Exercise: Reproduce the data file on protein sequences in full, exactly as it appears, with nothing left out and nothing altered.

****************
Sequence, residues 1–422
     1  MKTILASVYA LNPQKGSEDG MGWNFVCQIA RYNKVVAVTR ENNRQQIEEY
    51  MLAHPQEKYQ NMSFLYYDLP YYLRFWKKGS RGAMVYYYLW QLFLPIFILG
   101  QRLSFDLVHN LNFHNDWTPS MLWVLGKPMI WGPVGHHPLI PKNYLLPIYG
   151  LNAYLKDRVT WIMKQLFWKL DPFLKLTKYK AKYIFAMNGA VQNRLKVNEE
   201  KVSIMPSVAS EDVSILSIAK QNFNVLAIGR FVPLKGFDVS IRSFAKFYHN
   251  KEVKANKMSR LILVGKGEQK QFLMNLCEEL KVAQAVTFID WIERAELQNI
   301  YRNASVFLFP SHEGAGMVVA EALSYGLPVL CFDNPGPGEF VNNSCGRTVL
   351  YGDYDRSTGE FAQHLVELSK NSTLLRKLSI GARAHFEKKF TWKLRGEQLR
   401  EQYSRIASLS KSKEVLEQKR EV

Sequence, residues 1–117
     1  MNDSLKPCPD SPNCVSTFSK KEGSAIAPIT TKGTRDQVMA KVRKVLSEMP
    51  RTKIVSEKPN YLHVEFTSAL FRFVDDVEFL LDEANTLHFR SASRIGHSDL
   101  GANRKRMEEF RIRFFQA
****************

Sequence, residues 1–422
     1  MKTILASVYA LNPQKGSEDG MGWNFVCQIA RYNKVVAVTR ENNRQQIEEY
    51  MLAHPQEKYQ NMSFLYYDLP YYLRFWKKGS RGAMVYYYLW QLFLPIFILG
   101  QRLSFDLVHN LNFHNDWTPS MLWVLGKPMI WGPVGHHPLI PKNYLLPIYG
   151  LNAYLKDRVT WIMKQLFWKL DPFLKLTKYK AKYIFAMNGA VQNRLKVNEE
   201  KVSIMPSVAS EDVSILSIAK QNFNVLAIGR FVPLKGFDVS IRSFAKFYHN
   251  KEVKANKMSR LILVGKGEQK QFLMNLCEEL KVAQAVTFID WIERAELQNI
   301  YRNASVFLFP SHEGAGMVVA EALSYGLPVL CFDNPGPGEF VNNSCGRTVL
   351  YGDYDRSTGE FAQHLVELSK NSTLLRKLSI GARAHFEKKF TWKLRGEQLR
   401  EQYSRIASLS KSKEVLEQKR EV

Sequence, residues 1–117
     1  MNDSLKPCPD SPNCVSTFSK KEGSAIAPIT TKGTRDQVMA KVRKVLSEMP
    51  RTKIVSEKPN YLHVEFTSAL FRFVDDVEFL LDEANTLHFR SASRIGHSDL
   101  GANRKRMEEF RIRFFQA